Two Killybegs fish processors have had their in-factory weighing permits suspended by the SFPA amid the weighing debacle.
The action was taken by the Sea Fisheries Protection Authority (SFPA) after it reportedly refused to recognise Derry as part of Ireland.
Earlier this month, a Norwegian vessel was prevented from landing its catch of blue whiting in Killybegs due to the approach which has been taken by the SPFA in regard to the weighing of fish. The weighing system would have rendered the fish unfit for human consumption.
On two occasions, the Master of the vessel decided to land the fish into Derry Port at Lisahally and the blue whiting catch was then brought back by road to Killybegs on trucks and tankers.
However, it has now emerged that the SFPA decided to remove the in-factory weigh permits from Arctic Fish and Sean Ward Fish Ltd both of Killybegs on the basis that “the SFPA remains of the view that the landing took place outside of Ireland”.
Speaking from Brussels CEO of Irish Fish Processors and Exporters Association Mr Brendan Byrne stated;
“This is an extraordinary blunder on the part of the SFPA after Ireland negotiating a special status for Northern Ireland through the Brexit talks providing for EU rules to apply to Ireland equally but, in this instance, we have an authority of the state making an assertion that the protocol is not worth the paper it is written on.
“We must be conscious that the Irish fishing industry paid a massive price for the protocol arrangement through the Brexit /TCA talks process – with the loss of over €100 million euro of commercial value fish per annum. It was fishing that carried by far the heaviest burden at the conclusion of the Brexit Talks.
“The SFPA by their actions have effectively created a hard border on the island of Ireland, while our Government are standing idly by. The final irony, at the time the SFPA are revoking permits on fish processors, the fish processing companies are competing at the Barcelona EXPO with other coastal states for markets sales for the coming year – but, that in itself epitomises the challenges faced by our fish processors at home and on the broader international markets.”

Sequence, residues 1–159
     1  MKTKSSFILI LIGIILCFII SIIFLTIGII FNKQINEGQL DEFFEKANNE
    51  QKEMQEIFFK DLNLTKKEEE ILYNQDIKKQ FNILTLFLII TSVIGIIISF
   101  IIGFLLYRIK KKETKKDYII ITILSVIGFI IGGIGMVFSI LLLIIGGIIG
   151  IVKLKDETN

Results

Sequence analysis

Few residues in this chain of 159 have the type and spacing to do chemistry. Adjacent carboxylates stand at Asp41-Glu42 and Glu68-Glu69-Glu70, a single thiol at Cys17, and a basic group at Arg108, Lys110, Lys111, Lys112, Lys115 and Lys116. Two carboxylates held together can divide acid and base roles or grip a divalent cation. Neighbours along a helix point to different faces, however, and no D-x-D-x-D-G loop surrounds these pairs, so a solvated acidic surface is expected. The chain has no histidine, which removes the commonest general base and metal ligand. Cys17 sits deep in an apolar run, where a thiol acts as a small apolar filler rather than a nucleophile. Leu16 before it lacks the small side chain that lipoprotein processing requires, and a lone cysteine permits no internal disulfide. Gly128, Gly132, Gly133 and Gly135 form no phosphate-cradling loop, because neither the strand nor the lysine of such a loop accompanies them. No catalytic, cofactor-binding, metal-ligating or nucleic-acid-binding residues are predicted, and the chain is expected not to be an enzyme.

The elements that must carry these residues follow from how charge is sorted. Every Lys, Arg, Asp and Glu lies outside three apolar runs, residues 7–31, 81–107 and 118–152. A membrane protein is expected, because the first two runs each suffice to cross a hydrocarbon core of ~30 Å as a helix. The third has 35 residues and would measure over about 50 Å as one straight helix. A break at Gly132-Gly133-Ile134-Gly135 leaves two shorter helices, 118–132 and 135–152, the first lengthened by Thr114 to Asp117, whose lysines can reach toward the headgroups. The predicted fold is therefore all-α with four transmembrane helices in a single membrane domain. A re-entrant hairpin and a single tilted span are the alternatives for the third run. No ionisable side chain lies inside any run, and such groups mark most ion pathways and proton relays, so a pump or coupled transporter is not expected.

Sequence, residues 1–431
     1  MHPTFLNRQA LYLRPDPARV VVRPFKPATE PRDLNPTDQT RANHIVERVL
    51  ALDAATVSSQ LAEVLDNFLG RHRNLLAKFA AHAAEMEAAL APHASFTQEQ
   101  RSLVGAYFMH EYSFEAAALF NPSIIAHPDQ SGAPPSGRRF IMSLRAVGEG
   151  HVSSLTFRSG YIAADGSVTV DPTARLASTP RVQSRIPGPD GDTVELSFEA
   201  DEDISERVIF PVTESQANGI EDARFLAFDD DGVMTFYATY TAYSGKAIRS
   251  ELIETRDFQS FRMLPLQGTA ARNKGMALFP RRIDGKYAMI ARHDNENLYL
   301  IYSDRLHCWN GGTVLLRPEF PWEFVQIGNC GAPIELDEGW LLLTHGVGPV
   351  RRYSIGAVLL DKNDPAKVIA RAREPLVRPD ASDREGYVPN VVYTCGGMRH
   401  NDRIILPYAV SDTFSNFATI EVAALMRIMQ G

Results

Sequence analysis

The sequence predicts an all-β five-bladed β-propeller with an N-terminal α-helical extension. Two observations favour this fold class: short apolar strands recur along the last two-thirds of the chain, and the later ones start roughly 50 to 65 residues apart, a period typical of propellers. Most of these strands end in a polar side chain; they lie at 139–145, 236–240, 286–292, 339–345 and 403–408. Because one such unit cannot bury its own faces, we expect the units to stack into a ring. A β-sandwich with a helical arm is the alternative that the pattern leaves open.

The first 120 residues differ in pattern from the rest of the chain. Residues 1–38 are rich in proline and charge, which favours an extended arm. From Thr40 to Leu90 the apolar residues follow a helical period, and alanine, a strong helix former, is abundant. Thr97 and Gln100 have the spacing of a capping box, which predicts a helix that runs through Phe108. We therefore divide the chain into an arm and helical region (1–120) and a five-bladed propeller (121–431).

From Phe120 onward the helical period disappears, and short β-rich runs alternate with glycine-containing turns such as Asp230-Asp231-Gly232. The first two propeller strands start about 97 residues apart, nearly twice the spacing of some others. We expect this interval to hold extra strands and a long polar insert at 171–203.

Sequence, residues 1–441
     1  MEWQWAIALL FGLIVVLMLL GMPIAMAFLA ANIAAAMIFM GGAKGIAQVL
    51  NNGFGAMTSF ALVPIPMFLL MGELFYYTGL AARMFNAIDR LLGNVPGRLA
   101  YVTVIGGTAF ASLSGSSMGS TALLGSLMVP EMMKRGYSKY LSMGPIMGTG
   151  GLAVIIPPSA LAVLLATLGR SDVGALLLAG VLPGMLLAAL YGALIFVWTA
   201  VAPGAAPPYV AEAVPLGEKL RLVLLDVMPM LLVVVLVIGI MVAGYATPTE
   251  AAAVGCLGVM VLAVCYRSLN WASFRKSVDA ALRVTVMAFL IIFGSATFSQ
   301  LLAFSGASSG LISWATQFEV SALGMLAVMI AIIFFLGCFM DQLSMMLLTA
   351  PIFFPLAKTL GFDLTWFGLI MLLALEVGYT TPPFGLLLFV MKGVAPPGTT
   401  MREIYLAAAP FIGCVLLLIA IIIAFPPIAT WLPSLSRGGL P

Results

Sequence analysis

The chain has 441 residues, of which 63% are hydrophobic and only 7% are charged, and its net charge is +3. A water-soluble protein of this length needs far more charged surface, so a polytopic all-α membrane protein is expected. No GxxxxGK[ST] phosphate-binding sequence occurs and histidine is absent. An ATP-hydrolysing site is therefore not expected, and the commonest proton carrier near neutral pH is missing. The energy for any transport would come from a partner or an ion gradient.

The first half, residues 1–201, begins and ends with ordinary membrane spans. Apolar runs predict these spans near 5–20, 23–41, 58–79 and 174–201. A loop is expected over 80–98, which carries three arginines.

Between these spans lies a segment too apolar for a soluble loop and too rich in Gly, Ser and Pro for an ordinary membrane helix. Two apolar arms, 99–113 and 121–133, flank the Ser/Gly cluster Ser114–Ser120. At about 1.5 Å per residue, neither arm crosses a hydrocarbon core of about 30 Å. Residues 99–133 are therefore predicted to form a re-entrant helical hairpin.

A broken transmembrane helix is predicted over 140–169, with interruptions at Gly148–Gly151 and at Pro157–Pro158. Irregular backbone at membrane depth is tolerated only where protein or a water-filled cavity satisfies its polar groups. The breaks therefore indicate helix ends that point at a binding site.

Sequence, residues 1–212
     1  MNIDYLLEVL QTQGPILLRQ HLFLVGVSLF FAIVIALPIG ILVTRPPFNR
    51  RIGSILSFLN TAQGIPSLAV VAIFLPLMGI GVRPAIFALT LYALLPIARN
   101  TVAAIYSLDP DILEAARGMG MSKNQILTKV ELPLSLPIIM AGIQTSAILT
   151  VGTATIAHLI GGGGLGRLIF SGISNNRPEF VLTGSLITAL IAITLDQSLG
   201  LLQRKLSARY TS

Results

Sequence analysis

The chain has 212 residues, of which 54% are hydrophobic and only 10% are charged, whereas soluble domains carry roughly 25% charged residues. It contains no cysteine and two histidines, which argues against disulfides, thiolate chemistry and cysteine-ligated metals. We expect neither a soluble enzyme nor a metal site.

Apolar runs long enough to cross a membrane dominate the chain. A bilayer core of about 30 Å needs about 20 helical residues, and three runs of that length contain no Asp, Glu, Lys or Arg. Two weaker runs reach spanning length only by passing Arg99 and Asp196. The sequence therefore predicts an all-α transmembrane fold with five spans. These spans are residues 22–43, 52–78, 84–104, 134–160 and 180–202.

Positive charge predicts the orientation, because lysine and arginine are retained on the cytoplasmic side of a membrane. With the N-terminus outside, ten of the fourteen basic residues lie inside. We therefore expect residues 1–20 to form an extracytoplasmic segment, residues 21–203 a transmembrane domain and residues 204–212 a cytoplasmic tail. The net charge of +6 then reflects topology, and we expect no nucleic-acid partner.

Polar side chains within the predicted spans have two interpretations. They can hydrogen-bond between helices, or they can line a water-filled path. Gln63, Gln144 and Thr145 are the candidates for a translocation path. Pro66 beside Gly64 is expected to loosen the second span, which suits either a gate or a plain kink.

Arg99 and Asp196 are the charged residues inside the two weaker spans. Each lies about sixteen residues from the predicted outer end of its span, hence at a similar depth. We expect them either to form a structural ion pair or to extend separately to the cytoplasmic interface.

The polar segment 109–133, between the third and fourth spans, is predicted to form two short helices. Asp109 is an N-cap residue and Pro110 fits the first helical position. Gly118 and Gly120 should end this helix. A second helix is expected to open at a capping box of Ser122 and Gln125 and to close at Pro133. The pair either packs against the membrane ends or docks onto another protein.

Aodh O Donnell, Chief Executive of the Irish Fish Producers Organisation (IFPO) said: “The development over the last 24 hours has shocked the seafood industry, is another blow to the sector and leads to additional uncertainty. Left unchallenged, this is going to have significant consequences for the sector generally.
“There is long standing and a massive interdependence between the catching and processing sectors on the island. The special arrangement and protocol for Northern Ireland is key to the smooth running of the fishing industry island-wide.
“The indication by the SFPA that they cannot treat the ports in Northern Ireland as part of the protocol arrangement is nothing short of shocking, and is contrary to the protocol and the Good Friday Agreement.
“The IFPO calls on the Government to act now to defend the integrity of the protocol and the Good Friday Agreement.”
Update – In a statement, the SFPA said that there has been no change in the fish weighing and landing arrangements between the Republic of Ireland and other jurisdictions as a result of Brexit.
They said: “Operators can choose to land a catch at a port in another jurisdiction – including both EU and non-EU countries – before transporting and processing the catch in the Republic of Ireland. However, the catch must be weighed on landing pierside in the landing state before transportation to the Republic of Ireland.
“A Common Control Programme that would permit transport to the Republic of Ireland for weighing after a landing in Northern Ireland does not and has never existed.
“The SFPA confirms it has withdrawn the permits for two pelagic processors. Both processors are still permitted to receive previously weighed fish for processing and sale.”